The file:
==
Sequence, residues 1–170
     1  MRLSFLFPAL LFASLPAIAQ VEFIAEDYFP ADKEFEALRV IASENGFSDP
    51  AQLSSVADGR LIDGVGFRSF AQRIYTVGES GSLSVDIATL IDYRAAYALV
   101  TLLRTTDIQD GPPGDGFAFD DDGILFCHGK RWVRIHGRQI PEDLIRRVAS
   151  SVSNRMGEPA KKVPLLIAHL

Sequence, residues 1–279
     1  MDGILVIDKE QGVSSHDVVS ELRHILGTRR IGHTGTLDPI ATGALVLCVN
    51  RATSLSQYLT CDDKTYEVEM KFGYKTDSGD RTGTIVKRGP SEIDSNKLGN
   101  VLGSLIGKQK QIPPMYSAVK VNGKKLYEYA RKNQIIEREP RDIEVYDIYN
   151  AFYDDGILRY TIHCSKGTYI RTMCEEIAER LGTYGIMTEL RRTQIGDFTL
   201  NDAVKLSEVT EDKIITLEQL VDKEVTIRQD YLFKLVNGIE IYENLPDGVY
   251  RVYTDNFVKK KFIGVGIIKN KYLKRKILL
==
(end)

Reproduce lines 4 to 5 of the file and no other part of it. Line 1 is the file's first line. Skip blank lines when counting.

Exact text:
   101  TLLRTTDIQD GPPGDGFAFD DDGILFCHGK RWVRIHGRQI PEDLIRRVAS
   151  SVSNRMGEPA KKVPLLIAHL